- Procrastination bias: By recognizing that we often procrastinate tasks that require effort or discomfort, we can break tasks into smaller, more manageable steps and establish accountability to motivate us to get started. An example of procrastination bias is a student who has a term paper due in a week but waits until the night before it’s due to start working on it, even though they had plenty of time to work on it earlier.
- Self-justification bias: By recognizing that we often seek to justify our decisions and actions, even when they are not objectively rational, we can seek out alternative perspectives and feedback to challenge our assumptions. Self-justification bias is a cognitive bias where people justify their own actions or decisions, even if they are clearly wrong or harmful. An example of self-justification bias is a person who buys an expensive item even if they can’t afford it and justify it by saying that they deserve it, or that they will work hard to make up the money later. Another example could be a person who engages in unhealthy behavior, such as smoking or overeating, and justifies it by saying they need to destress or that they have a genetic predisposition.
- Self-serving bias: By recognizing that we often attribute our successes to our own abilities and external factors, while attributing failures to external factors, we can take ownership of our mistakes and learn from them to improve our decision-making. An example of self-serving bias is when a student attributes their good grades to their intelligence and hard work, while attributing their poor grades to external factors such as a difficult exam or an unfair teacher.
- Temptation bundling bias: By recognizing that we often struggle with self-control in the face of temptation, we can bundle desirable activities with less desirable ones to increase our motivation and self-control. Temptation bundling bias occurs when we combine something we enjoy doing with something we don’t enjoy as much to make the less enjoyable task more appealing. For example, someone who dislikes running may bundle it with something enjoyable like watching their favorite TV show or listening to an audiobook while they run. This makes the task more appealing and provides a motivation to follow through with it. Another example could be someone who pairs their morning coffee with their daily journaling or meditation practice. This bundling technique can help people overcome procrastination or resistance towards tasks they find challenging or unappealing.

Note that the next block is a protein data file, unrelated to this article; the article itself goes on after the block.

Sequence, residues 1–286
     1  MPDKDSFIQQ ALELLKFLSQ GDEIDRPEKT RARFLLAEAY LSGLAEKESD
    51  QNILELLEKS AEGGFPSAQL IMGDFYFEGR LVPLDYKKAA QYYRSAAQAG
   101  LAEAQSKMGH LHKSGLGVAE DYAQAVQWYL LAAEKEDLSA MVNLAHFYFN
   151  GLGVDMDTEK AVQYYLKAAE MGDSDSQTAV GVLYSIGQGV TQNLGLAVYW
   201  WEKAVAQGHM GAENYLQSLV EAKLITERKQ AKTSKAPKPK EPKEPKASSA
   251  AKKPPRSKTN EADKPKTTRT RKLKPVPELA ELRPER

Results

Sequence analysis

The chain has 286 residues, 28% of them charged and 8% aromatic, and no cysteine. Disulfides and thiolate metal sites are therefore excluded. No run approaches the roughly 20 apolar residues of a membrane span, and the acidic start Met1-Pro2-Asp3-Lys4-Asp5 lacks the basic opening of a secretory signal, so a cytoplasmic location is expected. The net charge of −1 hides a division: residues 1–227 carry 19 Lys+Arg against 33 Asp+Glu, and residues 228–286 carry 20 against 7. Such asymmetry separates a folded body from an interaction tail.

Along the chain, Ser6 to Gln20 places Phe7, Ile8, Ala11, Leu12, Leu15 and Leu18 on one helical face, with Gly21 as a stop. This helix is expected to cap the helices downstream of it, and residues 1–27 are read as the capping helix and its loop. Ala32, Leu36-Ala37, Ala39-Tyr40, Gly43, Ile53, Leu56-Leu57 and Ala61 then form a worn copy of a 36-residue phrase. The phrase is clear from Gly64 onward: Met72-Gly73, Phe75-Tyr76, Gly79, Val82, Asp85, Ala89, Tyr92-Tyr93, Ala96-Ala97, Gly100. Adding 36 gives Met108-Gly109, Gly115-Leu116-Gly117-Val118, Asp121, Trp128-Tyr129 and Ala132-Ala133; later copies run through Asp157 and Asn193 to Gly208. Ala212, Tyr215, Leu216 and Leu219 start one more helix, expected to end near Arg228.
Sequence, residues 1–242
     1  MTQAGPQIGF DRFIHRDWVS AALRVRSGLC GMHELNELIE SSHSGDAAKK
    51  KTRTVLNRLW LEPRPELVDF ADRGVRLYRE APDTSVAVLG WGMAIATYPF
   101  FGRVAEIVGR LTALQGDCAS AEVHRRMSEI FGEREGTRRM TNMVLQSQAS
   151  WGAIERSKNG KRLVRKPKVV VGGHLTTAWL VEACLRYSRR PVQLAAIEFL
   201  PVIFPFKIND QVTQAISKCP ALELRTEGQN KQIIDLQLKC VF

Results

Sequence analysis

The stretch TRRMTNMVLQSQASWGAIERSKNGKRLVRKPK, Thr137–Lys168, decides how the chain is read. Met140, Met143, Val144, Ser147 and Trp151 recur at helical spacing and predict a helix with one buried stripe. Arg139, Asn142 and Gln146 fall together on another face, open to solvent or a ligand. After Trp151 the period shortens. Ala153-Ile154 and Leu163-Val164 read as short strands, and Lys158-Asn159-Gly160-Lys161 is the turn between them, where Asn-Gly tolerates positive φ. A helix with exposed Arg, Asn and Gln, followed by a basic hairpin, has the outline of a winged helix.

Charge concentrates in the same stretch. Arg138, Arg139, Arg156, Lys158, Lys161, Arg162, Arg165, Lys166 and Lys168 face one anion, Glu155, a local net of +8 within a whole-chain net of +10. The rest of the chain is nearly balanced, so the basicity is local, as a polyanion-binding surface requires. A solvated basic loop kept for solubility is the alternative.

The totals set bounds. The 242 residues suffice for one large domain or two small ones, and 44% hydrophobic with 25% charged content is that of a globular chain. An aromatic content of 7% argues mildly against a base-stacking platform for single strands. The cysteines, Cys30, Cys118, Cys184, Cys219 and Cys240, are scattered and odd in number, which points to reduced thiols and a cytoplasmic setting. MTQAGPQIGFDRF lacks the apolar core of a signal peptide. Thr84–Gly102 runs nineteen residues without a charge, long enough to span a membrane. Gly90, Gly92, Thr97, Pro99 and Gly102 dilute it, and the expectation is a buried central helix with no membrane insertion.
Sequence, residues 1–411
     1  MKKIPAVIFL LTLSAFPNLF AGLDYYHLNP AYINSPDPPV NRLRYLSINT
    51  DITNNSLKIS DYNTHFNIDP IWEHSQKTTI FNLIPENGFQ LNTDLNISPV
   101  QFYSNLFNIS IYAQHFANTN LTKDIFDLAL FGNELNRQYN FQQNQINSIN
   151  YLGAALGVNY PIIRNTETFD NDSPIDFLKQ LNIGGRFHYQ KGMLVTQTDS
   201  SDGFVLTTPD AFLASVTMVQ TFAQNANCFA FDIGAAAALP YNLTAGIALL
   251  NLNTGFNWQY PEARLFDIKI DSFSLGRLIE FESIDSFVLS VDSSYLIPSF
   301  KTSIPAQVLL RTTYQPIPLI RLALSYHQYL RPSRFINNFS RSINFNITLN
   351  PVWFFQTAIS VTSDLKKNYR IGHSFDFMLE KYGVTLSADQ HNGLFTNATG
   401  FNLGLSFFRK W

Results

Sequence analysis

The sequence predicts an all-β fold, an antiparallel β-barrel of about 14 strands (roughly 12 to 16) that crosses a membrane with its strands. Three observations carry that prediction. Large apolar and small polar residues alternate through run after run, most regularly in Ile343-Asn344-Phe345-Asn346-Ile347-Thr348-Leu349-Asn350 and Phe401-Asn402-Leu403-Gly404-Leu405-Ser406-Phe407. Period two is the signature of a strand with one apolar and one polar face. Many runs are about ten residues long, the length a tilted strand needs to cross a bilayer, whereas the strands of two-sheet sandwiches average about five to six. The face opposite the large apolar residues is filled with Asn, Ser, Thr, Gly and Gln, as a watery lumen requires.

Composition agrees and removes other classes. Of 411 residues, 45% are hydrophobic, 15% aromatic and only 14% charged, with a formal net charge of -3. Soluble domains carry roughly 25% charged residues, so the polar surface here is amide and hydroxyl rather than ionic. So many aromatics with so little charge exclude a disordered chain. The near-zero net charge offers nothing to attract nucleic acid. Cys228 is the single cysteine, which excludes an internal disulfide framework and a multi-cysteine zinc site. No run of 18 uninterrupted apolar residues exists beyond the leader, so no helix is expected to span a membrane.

- Willpower depletion bias: By recognizing that our willpower is a finite resource that can be depleted, we can develop habits and routines that conserve our willpower for more important decisions throughout the day. An example of willpower depletion bias is when a person goes on a strict diet and successfully resists unhealthy food choices for the entire day, but then gives in to temptation and overeats at night because their willpower has been depleted throughout the day.
Know Your Self-Control Biases to Think and Do Better
Self-control biases can be a significant hurdle to making informed decisions, achieving our goals, and being more productive.
From procrastination and ego depletion to emotional reasoning and self-justification, these biases can cloud our judgment and make it challenging to follow through on our intentions.
However, by recognizing and understanding these biases, we can become better critical thinkers and develop strategies to overcome them, leading to more successful outcomes and improved well-being.
And remember the immortal words of Plato:
“The first and greatest victory is to conquer yourself.” — Plato